Maximising purposeful personal development
Everyone from individuals to corporate leaders wondered how they could do more for society and the common good. The result is a broad demand for more transparency, but also, calls - and commitments - to action that will have a positive impact on those all-important causes, including education, sustainability, diversity and gender equality. And, of course, a healthier work-life balance, more entrenched and meaningful corporate ethics, all underscored by purposeful personal development.
Brands and leaders who fail to recognise this growing trend will not be rewarded with corporate profit, but will instead fail to innovate effectively and efficiently, and ultimately lose out thanks to a failure to embrace a new culture of caring that will be with our world for generations to come. Innovation may well be driven primarily by technological advancements, but without the human components of well-being, integrity and honesty, it cannot hope to thrive long-term.
Solidarity has never meant more than it does now when we are all being asked to sacrifice for that common good, but Covid-19 has illustrated that it is only via our collective efforts that we can address this crisis - but also face new ones that need different new solutions.
Role models are no longer going to be those with the most impressive media presence; they will be judged by their actions and their contributions to our ailing world. We will no longer celebrate those who produce the most or earn the most, but rather on whether they stand up for justice, without seeking credit and in the absence of any audience.
Covid-19 has served up a timely reminder to us all that our real legacy can only be measured by the social good we contribute, the smiles we generate around us, and the opportunities for a better life we share among all of us. Quality is now replacing quantity and less is certainly more.
Working together for the good of the whole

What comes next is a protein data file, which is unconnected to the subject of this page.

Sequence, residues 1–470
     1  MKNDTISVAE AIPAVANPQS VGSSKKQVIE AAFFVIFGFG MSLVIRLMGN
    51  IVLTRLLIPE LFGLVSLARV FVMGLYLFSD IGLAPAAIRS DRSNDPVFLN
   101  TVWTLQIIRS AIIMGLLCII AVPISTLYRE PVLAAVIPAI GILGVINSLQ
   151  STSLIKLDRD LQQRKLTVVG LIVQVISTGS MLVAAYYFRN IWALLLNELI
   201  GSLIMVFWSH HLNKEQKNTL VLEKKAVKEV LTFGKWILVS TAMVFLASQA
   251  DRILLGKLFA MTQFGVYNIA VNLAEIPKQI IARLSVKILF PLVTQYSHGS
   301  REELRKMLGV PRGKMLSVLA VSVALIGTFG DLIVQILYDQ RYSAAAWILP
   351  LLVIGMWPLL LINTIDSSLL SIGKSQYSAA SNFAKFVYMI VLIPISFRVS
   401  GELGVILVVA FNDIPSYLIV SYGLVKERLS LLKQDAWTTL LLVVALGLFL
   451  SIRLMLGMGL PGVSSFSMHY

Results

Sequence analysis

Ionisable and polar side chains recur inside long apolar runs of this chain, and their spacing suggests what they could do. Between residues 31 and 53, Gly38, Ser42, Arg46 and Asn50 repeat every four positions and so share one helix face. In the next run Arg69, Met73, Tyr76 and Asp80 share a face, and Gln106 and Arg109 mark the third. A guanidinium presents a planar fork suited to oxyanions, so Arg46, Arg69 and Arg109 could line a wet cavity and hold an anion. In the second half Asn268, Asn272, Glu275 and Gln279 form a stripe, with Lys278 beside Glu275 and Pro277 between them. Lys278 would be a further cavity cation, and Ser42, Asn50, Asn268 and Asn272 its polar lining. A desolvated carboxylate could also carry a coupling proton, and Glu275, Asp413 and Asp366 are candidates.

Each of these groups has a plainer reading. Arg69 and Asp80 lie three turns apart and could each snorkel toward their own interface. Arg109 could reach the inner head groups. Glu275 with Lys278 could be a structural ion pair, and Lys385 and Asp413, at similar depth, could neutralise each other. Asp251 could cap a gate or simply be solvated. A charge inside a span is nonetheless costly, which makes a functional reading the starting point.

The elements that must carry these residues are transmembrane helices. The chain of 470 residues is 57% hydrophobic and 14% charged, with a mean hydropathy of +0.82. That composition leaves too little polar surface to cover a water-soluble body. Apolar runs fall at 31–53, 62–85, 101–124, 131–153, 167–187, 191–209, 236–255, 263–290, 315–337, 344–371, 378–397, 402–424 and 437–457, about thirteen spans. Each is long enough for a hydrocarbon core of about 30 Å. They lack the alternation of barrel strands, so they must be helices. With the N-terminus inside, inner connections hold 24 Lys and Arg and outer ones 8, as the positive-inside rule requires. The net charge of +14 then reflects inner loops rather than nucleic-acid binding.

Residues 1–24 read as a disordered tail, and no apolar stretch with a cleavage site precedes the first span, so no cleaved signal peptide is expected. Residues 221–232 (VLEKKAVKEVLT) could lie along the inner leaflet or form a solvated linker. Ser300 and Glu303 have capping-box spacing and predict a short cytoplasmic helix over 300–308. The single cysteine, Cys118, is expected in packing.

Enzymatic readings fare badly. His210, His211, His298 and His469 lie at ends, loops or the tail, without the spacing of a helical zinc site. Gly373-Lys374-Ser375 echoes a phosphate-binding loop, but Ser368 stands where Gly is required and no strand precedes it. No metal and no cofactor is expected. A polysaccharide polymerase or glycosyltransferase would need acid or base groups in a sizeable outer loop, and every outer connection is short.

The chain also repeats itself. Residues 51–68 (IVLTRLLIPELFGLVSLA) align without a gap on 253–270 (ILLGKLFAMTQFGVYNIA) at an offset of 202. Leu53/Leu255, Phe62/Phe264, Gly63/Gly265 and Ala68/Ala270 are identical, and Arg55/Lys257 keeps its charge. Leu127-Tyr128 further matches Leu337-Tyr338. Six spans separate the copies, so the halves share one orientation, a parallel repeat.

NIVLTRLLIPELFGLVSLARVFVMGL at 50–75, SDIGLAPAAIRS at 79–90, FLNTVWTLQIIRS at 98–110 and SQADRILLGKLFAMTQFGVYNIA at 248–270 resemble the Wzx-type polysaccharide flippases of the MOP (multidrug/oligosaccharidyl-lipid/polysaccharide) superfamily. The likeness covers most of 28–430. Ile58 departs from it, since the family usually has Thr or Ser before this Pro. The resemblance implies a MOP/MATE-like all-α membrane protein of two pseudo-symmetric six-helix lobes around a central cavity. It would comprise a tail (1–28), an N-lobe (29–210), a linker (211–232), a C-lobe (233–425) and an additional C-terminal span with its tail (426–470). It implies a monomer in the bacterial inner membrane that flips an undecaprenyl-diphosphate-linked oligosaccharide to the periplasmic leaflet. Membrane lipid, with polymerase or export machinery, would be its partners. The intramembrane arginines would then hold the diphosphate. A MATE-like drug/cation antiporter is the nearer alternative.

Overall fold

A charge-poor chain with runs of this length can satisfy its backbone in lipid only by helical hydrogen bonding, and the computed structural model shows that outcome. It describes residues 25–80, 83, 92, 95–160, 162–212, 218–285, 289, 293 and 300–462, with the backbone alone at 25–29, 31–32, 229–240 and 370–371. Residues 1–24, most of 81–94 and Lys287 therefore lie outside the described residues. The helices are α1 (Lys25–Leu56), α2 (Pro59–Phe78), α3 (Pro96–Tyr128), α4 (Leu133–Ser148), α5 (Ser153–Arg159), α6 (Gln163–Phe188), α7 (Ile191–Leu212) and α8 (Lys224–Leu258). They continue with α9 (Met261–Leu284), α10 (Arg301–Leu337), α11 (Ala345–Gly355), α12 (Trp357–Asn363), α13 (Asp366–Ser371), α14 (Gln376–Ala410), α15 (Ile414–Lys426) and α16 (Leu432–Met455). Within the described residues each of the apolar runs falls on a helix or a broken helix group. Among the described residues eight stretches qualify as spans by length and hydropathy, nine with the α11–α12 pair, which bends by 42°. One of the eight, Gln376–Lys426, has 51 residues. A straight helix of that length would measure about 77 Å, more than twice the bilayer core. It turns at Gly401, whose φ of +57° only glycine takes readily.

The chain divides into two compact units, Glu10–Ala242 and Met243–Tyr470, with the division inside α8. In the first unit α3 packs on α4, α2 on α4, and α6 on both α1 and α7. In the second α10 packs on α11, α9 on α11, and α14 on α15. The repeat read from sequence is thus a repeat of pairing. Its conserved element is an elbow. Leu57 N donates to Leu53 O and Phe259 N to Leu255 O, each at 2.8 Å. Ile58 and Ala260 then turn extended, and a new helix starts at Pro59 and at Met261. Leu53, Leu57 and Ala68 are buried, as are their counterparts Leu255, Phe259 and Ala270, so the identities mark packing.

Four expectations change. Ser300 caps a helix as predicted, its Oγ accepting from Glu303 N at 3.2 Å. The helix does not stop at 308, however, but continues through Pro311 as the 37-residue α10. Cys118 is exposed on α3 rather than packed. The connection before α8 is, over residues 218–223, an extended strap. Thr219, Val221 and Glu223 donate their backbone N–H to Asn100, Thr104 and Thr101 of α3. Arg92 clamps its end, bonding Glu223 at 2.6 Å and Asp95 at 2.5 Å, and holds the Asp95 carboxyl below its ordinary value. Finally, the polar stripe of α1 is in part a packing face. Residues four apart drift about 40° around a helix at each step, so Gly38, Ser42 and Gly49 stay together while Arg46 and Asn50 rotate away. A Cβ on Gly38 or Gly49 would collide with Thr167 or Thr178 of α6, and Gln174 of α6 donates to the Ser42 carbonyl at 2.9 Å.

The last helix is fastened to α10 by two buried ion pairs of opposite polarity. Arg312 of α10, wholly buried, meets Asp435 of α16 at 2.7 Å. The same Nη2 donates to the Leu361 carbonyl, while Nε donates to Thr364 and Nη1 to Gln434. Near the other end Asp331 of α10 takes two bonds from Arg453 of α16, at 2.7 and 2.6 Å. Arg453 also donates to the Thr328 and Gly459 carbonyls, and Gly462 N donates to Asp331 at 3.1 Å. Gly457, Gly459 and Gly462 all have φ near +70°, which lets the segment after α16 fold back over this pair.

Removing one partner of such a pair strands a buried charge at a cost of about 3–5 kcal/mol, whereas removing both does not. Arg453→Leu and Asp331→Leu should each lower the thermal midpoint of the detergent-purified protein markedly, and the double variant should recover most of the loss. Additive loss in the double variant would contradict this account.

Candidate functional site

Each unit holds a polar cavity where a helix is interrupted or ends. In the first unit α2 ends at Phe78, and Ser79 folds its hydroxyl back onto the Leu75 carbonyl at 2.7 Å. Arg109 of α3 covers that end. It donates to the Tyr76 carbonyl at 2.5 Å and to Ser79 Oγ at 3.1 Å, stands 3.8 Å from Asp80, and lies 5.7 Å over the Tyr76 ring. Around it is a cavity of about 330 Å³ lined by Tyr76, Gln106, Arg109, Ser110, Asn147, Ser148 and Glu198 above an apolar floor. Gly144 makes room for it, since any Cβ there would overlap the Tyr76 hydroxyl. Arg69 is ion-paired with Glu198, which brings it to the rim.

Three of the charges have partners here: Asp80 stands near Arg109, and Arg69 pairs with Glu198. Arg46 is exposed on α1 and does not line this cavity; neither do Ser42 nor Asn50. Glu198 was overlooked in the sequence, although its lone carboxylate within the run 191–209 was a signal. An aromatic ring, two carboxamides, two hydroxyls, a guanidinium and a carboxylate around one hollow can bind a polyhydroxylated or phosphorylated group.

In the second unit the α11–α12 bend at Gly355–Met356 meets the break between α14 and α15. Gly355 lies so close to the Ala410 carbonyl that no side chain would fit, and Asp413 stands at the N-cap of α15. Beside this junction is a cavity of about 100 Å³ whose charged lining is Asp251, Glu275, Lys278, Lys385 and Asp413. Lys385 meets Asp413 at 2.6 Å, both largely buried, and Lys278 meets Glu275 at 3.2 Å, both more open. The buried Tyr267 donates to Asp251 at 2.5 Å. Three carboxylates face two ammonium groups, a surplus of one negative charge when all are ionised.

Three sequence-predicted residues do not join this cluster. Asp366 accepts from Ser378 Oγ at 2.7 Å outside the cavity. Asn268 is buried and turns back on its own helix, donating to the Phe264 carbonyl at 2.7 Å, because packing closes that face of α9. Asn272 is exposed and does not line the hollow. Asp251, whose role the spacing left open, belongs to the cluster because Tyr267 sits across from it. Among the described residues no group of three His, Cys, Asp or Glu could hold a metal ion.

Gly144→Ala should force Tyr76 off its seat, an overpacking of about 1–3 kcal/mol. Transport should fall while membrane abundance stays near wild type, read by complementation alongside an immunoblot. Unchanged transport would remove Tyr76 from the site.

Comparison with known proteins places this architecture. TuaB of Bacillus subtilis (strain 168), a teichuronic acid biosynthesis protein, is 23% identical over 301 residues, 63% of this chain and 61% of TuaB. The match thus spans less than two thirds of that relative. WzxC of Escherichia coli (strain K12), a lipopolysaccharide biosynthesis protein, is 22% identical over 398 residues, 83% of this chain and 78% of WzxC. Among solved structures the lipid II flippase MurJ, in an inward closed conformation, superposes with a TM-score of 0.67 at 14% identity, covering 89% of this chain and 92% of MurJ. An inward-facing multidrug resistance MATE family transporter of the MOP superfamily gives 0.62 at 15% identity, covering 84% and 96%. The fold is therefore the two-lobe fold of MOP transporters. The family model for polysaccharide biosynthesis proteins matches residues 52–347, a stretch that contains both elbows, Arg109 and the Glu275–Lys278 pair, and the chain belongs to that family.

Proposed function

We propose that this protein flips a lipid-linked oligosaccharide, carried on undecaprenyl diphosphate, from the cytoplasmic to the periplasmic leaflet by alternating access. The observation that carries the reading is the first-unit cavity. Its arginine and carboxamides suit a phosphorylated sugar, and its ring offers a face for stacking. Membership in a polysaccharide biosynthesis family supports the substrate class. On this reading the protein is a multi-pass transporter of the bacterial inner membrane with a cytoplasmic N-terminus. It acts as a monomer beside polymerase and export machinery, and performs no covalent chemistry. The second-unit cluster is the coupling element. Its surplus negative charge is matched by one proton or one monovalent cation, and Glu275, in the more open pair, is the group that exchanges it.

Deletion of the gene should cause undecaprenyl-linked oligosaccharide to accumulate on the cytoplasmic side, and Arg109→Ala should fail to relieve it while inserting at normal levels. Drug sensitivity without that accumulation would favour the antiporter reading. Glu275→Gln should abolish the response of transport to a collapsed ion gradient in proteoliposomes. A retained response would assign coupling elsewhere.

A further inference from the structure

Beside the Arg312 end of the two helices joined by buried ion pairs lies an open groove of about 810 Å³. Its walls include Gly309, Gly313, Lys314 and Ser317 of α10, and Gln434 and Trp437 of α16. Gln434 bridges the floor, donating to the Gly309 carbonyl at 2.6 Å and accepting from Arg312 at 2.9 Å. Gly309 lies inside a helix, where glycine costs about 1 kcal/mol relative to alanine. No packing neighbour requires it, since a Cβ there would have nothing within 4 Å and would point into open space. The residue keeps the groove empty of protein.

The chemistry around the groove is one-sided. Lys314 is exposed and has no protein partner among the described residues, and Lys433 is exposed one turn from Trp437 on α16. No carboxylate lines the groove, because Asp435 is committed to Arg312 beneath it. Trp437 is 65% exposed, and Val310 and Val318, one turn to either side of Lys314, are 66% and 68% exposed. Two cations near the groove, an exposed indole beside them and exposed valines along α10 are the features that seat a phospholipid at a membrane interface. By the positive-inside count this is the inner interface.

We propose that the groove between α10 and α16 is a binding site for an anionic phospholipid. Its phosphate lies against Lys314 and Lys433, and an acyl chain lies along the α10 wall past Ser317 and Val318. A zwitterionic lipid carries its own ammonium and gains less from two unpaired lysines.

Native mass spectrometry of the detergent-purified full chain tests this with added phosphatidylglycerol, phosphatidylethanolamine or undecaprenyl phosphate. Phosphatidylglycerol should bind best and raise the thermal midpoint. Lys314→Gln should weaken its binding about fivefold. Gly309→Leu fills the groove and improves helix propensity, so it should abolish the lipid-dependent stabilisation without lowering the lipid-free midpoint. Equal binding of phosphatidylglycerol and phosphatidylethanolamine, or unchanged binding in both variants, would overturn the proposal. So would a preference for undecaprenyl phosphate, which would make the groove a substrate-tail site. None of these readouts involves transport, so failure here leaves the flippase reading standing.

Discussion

Solidarity has never meant more than it does now when we are all being asked to sacrifice for that common good, but Covid-19 has illustrated that it is only via our collective efforts that we can address this crisis - but also face new ones that need different new solutions. New initiatives cannot be used to benefit only their creators, we have learnt during this pandemic which has been a great leveller.
Let’s be cognisant of the fact the frontier we really need to remove is the one that prevents us from working together for not individual good, but for the good of the whole. We’ve been given this chance to create a new kind of future for humanity, so let’s ensure that it is one that’s dictated by a drive to positively impact humankind, beyond the frame or benefits of enterprise.
Technology has rapidly accelerated productivity and intelligence, with every effort carefully measured to determine optimal output. It’s time for us all to ensure that the same maximum impact, in terms of our social behaviours beyond consumerism, if we are to allow the Covid-19 experience to teach us, a very valuable lesson about what kind of legacy it is that really counts.
Based in Dubai, Ramsay leads Radisson Hotel Group's strategic growth across the Turkey and Africa with a team based in Dubai and Cape Town. He recently expanded his role as the Head of Development for Africa, further demonstrating the commitment of the company across the continent.